I am usually absolutely riveted by Amy Tan books. I own every book she has written. Until this one I have loved them. Her character development and story lines have always been above stellar. None of the above descriptions apply to this book. It was boring, poorly developed and far too "wordy". The author expounds on meaningless bunny trails more often than she develops her plot. I skipped entire paragraphs out of boredom. The characters were self-involved and difficult to empathize with. I do not recommend this book. If this is the only Amy Tan book you've read, I recommend you look to her previous works for a true representation of her talent.

    1 out of 2 people found this review helpful.

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  • Posted February 9, 2009

    Saving Fish from Drowing - Intriguing Main Character

    Really enjoying this book, it was selected as a book club pick. The main character is dead and follows a group of individuals on a pre-arranged tour through China and Burma as they encouter mishap after mishap. Amy Tan does a terrific job of character development for all of the characters in such a way that you as the reader can identify with the flaws and attributes of every member of the group. There are group dynamics as well which allow you to feel empathy and sympathy throughout the read.

    1 out of 1 people found this review helpful.

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  • Anonymous

    Posted August 1, 2014

    The author definite needs to stay away from the

    Multi themes and return to a plain and simple narrative too many characters weaken the structure l

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  • Anonymous

    Posted May 16, 2011

    Amazing

    Typical Amy Tan..beautiful.

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  • Posted July 17, 2009

    more from this reviewer

    I read the jacket and it sounded great! Boy, was I wrong!

    I do give kudos to Ms. Tan and her writing style for the book. It is written as the main character is a ghost looking out onto what is going on. But as the story moves along, which it does VERY SLOWLY, the characters aren't interesting or how they go through their journey. It's written like a really bad movie.
    The other pro about the book, though, is why people do the things they do and how we, as Americans, try to help. Our book club discussed this at length.

    0 out of 1 people found this review helpful.

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  • Posted June 16, 2009

    more from this reviewer

    Can't find the fish ....

    The report was a terrible thing to read: "The body of Bibi Chen, 63, retail maven, socialite, and board member of the Asian Art Museum, was found yesterday in the display window of her Union Square store, The Immortals, famed for its chinoiserie .." - p 2.
    -----
    A terrible end to Bibi Chen and the strange beginning to "Saving Fish from Drowning", a novel by Amy Tan.
    -----
    Bibi Chen, a San Francisco art patron, had planned the journey of a lifetime for herself and eleven of her friends. Death was not going to deprive her of this adventure. Her incorporeal spirit accompanies her friends on a prearranged tour through China and Burma. If only her friends had followed her original itinerary, they would not have gone missing.
    -----
    The story is narrated by Bibi Chen. This is an interesting start to the novel; however, it soon becomes tedious as the character seems to drone on and on about everything. The remaining characters were very real, each having several flaws; however, they were overdeveloped to the point that one did not really care about them. Bibi's spirit interacting with the real world was not an aspect that I enjoyed. The mystical fantasy was too much for me and the story lost its' charm; however, the novel was pure Amy Tan, delving into the pot of human nature, discovering our basic insecurities and strengths, and examining our relationships with one another.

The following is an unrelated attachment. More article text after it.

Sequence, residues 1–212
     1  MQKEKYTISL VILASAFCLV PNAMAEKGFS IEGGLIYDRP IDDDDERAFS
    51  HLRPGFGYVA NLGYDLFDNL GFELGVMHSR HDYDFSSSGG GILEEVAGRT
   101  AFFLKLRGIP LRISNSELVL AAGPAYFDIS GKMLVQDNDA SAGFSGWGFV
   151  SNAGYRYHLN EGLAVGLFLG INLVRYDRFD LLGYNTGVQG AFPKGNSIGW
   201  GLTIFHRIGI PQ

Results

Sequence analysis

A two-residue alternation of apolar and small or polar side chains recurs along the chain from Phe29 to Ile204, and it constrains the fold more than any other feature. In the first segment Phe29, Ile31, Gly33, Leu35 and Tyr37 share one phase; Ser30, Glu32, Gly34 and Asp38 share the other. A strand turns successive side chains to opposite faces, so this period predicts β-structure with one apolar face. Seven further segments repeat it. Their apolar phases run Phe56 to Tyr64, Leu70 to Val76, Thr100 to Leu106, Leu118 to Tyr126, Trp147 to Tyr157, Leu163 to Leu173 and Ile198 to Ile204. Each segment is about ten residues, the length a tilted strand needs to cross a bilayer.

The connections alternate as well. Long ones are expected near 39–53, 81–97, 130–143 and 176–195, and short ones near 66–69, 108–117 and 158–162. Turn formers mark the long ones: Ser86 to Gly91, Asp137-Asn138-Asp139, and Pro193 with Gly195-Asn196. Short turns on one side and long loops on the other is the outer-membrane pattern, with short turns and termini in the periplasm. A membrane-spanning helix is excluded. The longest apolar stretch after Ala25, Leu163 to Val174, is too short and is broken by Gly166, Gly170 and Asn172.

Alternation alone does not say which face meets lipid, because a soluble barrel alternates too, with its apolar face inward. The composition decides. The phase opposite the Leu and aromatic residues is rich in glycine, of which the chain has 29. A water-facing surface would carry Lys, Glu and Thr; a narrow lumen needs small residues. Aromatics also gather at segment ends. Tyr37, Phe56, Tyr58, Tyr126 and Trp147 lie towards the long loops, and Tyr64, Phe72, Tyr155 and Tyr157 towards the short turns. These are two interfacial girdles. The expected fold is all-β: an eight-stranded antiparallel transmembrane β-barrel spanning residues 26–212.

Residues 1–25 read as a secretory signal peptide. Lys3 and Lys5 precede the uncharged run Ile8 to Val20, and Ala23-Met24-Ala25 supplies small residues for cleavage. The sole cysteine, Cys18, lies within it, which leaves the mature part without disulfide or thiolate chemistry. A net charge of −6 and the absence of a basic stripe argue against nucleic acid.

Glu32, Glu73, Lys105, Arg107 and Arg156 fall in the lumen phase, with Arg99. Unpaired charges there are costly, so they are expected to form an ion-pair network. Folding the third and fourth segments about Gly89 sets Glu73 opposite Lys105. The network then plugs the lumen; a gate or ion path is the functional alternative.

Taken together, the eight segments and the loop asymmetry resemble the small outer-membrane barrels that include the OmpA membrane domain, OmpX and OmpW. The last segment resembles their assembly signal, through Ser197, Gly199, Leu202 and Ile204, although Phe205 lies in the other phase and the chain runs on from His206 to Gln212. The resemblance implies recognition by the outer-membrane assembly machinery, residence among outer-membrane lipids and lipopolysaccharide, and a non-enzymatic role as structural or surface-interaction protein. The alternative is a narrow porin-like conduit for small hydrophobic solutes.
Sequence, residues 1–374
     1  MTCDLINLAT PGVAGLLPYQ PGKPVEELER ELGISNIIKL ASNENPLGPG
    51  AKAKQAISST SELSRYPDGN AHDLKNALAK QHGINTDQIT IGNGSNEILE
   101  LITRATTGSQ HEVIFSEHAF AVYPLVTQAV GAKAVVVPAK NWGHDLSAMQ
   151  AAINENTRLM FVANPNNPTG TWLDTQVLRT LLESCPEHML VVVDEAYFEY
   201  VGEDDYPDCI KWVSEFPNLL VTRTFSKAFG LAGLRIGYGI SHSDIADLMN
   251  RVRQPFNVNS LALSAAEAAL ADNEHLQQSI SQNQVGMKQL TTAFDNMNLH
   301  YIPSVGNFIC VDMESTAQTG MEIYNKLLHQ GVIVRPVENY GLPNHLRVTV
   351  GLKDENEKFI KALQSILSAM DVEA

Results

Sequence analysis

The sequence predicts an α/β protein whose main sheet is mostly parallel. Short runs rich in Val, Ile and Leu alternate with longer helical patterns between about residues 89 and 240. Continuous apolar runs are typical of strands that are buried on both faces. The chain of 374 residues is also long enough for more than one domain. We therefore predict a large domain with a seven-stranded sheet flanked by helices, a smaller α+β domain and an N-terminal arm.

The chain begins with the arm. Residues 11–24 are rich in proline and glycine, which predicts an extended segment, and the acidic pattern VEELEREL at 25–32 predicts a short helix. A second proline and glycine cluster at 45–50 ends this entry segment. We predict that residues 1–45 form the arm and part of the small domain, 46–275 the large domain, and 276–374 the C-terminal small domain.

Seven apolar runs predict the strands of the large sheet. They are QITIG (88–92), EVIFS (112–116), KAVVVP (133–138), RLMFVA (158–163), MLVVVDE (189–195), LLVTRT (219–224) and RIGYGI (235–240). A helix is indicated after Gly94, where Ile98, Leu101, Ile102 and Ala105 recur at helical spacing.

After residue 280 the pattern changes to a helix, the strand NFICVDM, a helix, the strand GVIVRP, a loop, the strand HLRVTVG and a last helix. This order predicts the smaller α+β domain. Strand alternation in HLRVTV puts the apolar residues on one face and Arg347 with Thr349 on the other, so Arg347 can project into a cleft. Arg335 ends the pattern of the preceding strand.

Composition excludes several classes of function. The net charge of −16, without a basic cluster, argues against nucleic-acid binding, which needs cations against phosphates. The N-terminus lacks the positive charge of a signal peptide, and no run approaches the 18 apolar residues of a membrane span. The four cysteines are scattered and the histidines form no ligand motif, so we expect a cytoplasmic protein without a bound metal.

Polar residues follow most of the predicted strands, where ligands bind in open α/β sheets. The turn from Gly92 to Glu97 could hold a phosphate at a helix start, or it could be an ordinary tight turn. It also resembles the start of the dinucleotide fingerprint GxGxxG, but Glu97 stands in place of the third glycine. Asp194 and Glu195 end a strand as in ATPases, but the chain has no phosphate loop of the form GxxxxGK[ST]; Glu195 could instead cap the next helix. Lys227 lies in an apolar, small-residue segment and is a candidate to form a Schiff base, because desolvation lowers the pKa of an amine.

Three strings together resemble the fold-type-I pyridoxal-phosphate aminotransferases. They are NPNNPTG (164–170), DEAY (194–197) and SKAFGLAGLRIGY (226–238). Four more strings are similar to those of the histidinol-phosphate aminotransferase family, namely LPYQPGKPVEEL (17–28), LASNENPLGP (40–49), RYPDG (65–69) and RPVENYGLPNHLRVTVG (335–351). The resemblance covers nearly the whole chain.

-----
    This would not be my favorite Amy Tan novel. I prefer "The Joy Luck Club"; however, I would recommend to those who have read Ms. Tan's other novels to judge for themselves.

    0 out of 1 people found this review helpful.

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  • Posted June 13, 2009

    most hilarious

    The most hilarious story I've read in years; as good as Steven King's "The Girl Who Loved Tom Gordon," or Mark Twain's "Huckleberry Fin."

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  • Posted May 25, 2009

    Saving Fish From Drowning

    On Christmas morning in Mandalay, a group of 11 American tourists go missing in Amy Tan's Saving Fish From Drowning. Bibi Chen, who mysteriously dies before the trip, (a trip in which she had planned), narrates this novel. She provides her insight on the unfortunate events that occur while her friends are traveling. Many things cause the disappearance of her friends. One disappearance is caused from the misunderstanding of cultural beliefs. Another was the language barrier between the tourists and the people of Burma. There are also relationship problems between the group members that cause tension. It is critical for them to accept these differences between each other and their captors if they ever want to escape. Saving Fish From Drowning is an adventurous novel that will keep readers prepared for the worst and question whether or not the tourists will get out of the difficult situations. It is evident that this novel is not meant to make readers smile. It starts out with Bibi's death, funeral, and then a description of her misfortunate childhood. It's unfortunate that at the end of the novel things really don't change. The answers that are sought out however, are finally answered. Saving Fish From Drowning has a great plot, but at times throughout the story things become confusing especially if the reader does not recall earlier events. Relationships between the characters are a big part of the story. Each of the characters is connected to each other in many different ways. Throughout the novel, many of these relationships fail, while others grow stronger because of the events that take place on their trip. It helps the reader when Bibi adds to her narrations about what she knows personally about the characters, such as how she met them. At times however, the reader may question if her interpretations are correct or simply her opinions. This does challenge the reader and makes the story somewhat more enjoyable. Another thing that Tan uses in her book is the thoughts of the characters. Even though they are not narrating the story their personal thoughts are thrown in so we can understand them without just Bibi's personal interpretations. The setting in this novel takes place mostly in China and Burma. The trip that Bibi planned was to show her friends where she grew up, to see the art of the area, and to learn about it culturally. However, if she was still alive when the group took the trip they would have not faced the same problems and would not have gone missing. It is easy to see that this angers Bibi, but she influences the characters even in death to fix some of the conflicts that angers her. Altogether though, Amy Tan's novel Saving Fish From Drowning is filled with many surprising turns and conflicts that at times are unpredictable and make readers curious for much more.